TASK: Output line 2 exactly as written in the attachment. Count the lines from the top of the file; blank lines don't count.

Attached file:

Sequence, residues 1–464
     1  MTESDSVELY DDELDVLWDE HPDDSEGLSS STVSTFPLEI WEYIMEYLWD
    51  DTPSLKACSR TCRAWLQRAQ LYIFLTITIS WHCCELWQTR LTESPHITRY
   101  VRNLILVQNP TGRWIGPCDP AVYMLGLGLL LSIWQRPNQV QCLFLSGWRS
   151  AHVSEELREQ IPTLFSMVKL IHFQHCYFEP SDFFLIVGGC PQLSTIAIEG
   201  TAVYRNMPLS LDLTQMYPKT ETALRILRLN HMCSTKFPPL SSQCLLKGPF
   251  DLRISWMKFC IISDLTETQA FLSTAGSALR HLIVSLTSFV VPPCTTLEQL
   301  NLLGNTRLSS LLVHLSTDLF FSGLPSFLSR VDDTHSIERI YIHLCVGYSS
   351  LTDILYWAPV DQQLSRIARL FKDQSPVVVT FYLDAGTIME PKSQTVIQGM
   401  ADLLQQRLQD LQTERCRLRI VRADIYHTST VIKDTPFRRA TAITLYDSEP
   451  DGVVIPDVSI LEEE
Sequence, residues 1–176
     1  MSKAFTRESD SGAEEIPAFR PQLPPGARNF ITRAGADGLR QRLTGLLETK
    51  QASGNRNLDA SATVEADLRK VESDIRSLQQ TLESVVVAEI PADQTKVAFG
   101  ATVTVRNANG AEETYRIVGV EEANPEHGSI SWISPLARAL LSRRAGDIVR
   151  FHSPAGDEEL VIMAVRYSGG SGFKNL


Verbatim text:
     1  MTESDSVELY DDELDVLWDE HPDDSEGLSS STVSTFPLEI WEYIMEYLWD